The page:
The President’s budget hit the Hill yesterday with the predictable media attention. With the focus on deficits and Social Security, some of the subtler details have gone overlooked. Particularly those related to funding for IT research and development. Peter at the Computing Research Association has given us a great analysis of the overall funding picture. USACM has taken a particular interest in the National Institutes of Standards and Technology (NIST), which is a small, but important, component of the story.
Depending on where you sit, there is good news and bad news about NIST’s funding. Overall funding is considerably down – about 24 percent (or $167 million). There is, however, a bit more to the story as funding for largely intramural research at NIST’s labs is up 13 percent (or $47 million). Further, IT research did reasonable well capturing roughly 20 percent of this new funding. This increase was particularly surprising in the midst of a generally austere budget where funding for science and technology was flat. (Funding for overall S&T was up just over one percent to $132 billion, but overall basic research fell by one percent.)
NIST’s $700 million budget is roughly broken into three parts (see table for funding breakout): core lab research, the largely extramural programs — Advanced Technology Program (which funds high-risk private sector technologies) and the Manufacturing Extension Partnership (which funds a national network of manufacturing service centers), and construction. The overall cut mention above is being driven by a 50 percent cut in MEP and the complete elimination of ATP. The construction account also dropped by about $14 million, but that was because the Administration dropped Congressional mandated non-NIST earmarks. This clearly shows the Administration’s support for intramural research at NIST and its distaste for the extramural programs.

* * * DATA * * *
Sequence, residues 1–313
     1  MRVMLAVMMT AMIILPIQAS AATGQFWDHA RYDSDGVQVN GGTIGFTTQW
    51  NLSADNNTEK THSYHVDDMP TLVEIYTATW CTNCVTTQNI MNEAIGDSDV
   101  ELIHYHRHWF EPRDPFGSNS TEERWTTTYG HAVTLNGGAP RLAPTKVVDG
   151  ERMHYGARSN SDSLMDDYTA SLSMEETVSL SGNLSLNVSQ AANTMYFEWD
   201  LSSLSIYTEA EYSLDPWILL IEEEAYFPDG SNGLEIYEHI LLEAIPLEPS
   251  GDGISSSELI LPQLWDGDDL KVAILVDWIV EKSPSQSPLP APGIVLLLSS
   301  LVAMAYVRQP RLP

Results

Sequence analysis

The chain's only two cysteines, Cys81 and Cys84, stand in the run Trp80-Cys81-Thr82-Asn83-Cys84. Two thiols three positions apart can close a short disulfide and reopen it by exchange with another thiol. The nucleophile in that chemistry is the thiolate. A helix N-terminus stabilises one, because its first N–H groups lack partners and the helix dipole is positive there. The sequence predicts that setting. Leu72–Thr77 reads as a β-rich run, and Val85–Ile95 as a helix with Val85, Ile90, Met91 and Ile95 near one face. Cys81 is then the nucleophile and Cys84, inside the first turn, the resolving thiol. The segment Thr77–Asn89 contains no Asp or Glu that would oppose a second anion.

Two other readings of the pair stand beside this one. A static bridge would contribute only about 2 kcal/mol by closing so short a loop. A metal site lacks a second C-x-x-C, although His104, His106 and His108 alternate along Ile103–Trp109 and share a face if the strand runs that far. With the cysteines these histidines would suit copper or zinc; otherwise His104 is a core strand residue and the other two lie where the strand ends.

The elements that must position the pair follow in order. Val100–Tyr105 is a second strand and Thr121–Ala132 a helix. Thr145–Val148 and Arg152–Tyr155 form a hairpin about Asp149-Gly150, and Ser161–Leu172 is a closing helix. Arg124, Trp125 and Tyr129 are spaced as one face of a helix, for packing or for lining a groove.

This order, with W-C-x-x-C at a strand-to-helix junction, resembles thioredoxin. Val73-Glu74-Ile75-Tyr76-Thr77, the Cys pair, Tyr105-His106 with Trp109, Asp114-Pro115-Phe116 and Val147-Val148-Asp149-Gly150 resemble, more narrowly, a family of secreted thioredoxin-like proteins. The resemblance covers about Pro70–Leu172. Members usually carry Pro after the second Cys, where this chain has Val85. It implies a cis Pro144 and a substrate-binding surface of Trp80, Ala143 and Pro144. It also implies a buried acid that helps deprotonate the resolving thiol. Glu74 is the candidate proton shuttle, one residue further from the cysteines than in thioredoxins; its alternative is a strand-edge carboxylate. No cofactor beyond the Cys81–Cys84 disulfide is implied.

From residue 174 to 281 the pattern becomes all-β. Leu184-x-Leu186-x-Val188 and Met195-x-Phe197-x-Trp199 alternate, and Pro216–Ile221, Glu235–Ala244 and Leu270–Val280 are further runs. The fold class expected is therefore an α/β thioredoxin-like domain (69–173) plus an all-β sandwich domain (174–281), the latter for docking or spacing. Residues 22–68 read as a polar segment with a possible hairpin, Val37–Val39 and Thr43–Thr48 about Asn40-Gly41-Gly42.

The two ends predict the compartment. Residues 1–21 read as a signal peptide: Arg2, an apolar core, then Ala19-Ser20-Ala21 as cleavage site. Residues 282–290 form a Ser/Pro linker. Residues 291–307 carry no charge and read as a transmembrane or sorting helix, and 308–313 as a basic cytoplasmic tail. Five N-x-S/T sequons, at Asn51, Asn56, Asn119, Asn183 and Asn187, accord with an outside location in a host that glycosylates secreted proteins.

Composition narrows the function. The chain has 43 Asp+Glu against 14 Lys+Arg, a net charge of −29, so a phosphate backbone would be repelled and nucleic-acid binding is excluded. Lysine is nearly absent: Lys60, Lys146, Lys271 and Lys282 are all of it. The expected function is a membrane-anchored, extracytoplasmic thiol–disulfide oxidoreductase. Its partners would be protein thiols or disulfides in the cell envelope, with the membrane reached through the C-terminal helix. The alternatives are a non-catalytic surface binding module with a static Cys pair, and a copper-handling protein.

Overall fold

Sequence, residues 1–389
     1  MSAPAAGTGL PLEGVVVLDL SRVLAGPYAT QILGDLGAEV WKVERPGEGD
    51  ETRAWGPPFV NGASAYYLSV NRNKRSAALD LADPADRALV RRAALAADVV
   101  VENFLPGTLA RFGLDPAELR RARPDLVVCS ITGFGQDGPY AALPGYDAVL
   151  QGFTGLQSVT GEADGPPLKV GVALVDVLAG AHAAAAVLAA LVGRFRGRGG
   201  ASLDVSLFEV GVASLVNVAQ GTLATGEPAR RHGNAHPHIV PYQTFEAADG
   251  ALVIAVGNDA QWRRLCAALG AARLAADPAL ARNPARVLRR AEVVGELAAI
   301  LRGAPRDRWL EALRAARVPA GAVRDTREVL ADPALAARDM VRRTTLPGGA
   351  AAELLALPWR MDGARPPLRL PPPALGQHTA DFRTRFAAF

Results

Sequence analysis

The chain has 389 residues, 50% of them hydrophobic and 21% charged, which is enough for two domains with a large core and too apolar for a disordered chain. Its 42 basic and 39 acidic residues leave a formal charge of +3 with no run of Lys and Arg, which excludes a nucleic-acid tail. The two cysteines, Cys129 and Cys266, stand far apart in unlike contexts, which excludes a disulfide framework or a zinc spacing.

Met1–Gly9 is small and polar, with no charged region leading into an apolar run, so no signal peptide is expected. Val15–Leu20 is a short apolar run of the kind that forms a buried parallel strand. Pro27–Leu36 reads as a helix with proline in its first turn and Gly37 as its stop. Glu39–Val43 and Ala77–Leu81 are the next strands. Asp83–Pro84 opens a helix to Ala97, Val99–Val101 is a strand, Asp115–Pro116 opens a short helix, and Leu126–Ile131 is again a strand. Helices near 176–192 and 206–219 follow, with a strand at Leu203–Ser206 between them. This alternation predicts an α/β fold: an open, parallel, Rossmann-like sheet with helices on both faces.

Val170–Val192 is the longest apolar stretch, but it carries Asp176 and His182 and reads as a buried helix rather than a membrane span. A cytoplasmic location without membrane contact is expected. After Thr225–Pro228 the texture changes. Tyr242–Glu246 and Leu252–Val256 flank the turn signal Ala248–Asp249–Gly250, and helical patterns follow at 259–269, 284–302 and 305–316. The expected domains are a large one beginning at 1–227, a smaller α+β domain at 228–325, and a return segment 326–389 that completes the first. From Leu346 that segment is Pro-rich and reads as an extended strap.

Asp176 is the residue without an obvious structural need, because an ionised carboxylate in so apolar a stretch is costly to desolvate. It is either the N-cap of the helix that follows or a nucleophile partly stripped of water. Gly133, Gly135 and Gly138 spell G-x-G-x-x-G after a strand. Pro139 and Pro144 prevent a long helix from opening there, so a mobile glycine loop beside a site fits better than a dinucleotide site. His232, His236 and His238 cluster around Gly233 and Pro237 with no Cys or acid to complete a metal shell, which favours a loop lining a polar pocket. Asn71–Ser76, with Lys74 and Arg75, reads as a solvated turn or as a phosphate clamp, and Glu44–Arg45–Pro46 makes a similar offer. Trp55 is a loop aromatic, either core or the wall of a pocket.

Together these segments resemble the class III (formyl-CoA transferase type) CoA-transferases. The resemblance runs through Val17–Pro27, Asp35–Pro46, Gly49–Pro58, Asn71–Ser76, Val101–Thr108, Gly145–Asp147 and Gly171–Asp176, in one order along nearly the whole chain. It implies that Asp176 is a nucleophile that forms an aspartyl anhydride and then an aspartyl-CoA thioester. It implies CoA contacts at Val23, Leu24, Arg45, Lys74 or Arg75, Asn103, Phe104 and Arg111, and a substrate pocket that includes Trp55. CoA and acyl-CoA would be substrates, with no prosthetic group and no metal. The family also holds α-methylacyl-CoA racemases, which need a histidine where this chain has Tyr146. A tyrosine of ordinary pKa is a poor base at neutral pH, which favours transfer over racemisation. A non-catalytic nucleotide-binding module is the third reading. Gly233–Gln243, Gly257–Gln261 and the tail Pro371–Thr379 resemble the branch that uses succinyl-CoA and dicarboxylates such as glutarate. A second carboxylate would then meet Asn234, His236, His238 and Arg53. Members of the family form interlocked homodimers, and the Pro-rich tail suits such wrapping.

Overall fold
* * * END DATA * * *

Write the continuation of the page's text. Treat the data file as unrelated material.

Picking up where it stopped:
One Congressional staffer described the increased funding as, “a bit of something for everyone” with new initiatives for first responders, homeland security, manufacturing, global markets, and health care. The new or expanding IT focused programs are:
- $4 million for quantum computing
- $2 million for “interoperability and security for emerging scientific system” (for example, standards for RFID systems)
- $1.6 million for enterprise integration (creating software data-exchange standards for supply chains)
- $7.2 million for biosystems, of which a small but undefined piece is for bioinformatics
How this will actually impact NIST’s information technology lab is rather unclear right now. The larger concern among most NIST watchers is that the Administration has set Congress up for an either/or choice. If it wants to restore funding for ATP and MEP, it will have to come out of the labs. This is a perennial concern and a well-founded one as last year’s funding for NIST’s labs dropped from the President’s request because of fights over ATP and MEP.
|FY 2004||FY 2005||FY 2006 (request)||% change|
|Scientific & Technical Research Services (Labs)||340.7||373.4||420.6||13%|
|Advanced Technology Program||177.3||140.4||0||NA|
|Manufacturing Extension Partnership||39.2||107.5||46.8||-56%|